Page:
Bioinformatický seminár

Tue 30 Nov. 2010, 17:20

Title: Raca et al. Next generation sequencing in research and diagnostics of ocular birth defects. Mol. Genet. Metab. 2010
Speaker: Dávid Porubský

Sequence capture enrichment (SCE) strategies and massively
parallel next generation sequencing (NGS) are expected to
increase the rate of gene discovery for genetically heterogeneous
hereditary diseases, but at present, there are very few examples
of successful application of these technologic advances in
translational research and clinical testing. Our study assessed
whether array based target enrichment followed by re-sequencing
on the Roche Genome Sequencer FLX (GS FLX) system could be used
for novel mutation identification in more than 1000 exons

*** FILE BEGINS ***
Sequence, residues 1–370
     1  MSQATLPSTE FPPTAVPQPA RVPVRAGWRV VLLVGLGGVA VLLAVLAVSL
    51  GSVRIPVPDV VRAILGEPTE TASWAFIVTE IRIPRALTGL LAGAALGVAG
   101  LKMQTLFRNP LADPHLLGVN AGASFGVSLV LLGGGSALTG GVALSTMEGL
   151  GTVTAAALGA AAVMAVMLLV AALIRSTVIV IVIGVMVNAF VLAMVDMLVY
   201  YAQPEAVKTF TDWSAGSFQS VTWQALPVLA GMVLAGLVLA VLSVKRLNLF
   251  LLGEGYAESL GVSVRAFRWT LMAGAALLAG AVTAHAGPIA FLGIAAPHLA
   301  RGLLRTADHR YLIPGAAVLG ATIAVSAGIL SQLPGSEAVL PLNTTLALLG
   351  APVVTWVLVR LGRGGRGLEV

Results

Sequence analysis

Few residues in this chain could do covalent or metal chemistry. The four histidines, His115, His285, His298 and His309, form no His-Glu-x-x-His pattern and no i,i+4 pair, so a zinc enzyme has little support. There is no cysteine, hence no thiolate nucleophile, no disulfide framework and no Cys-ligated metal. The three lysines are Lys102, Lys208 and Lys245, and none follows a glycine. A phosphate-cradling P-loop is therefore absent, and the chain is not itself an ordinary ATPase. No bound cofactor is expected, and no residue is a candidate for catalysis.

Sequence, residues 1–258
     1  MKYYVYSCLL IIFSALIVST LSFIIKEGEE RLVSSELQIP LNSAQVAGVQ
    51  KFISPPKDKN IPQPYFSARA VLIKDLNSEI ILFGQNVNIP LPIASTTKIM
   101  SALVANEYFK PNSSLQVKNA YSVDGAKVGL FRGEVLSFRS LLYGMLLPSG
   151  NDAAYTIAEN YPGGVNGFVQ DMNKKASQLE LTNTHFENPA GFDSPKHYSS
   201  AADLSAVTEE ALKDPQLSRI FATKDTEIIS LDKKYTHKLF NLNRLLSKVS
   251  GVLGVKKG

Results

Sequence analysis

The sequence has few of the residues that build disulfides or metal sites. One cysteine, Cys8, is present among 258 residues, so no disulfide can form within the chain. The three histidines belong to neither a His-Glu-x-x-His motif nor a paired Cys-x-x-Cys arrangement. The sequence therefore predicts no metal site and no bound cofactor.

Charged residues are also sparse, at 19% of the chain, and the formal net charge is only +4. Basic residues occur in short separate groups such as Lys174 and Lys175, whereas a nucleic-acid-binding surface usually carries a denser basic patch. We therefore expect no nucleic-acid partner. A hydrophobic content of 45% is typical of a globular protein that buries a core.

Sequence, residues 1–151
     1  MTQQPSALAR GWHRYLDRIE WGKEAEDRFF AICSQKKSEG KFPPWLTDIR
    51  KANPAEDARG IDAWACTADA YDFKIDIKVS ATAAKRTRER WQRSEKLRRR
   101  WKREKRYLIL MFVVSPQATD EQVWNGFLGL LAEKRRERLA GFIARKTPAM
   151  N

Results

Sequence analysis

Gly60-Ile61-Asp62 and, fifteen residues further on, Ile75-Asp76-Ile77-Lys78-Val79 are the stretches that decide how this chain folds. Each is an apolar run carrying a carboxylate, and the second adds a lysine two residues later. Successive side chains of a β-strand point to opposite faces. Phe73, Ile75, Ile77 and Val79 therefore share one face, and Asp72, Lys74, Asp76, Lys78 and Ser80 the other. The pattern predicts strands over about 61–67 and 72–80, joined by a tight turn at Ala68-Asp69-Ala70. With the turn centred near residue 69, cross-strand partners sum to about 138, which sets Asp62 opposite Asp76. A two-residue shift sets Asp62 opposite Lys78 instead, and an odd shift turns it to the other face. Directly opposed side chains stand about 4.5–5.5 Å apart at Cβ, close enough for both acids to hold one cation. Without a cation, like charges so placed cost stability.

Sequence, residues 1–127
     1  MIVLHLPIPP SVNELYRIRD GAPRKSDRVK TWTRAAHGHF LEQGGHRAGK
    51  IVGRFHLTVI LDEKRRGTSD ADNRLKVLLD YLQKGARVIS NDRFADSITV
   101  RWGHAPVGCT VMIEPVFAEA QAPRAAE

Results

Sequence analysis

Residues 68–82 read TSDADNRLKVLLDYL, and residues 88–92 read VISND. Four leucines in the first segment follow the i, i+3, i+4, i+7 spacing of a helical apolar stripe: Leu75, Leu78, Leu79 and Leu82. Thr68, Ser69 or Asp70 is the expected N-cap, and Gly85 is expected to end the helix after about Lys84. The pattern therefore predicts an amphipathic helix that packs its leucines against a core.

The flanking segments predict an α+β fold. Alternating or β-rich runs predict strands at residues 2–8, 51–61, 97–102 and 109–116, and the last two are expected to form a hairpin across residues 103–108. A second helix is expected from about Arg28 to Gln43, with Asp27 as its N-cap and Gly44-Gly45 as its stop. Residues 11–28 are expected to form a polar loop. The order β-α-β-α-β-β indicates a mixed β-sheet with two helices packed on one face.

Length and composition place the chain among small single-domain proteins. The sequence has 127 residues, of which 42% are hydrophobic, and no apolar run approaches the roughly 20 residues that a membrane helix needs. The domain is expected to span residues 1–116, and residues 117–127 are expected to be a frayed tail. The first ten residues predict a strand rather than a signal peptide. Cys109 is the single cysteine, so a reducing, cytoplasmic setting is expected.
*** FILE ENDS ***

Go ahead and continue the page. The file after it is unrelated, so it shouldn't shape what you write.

representing 100 candidate genes for ocular birth defects, and as
a control, whether these methods could detect two known mutations
in the PAX2 gene. We assayed two samples with heterozygous
sequence changes in PAX2 that were previously identified by
conventional Sanger sequencing. These changes were a
c.527G>C (S176T) substitution and a single basepair deletion
c.77delG. The nucleotide substitution c.527G>C was easily
identified by NGS. A deletion of one base in a long polyG
stretch (c.77delG) was not registered initially by the GS
Reference Mapper, but was detected in repeated analysis using two
different software packages. Different approaches were evaluated
for distinguishing false positives (sequencing errors) and benign
polymorphisms from potentially pathogenic sequence changes that
require further follow-up. Although improvements will be
necessary in accuracy, speed, ease of data analysis and cost, our
study confirms that NGS can be used in research and diagnostic
settings to screen for mutations in hundreds of loci in
genetically heterogeneous human diseases.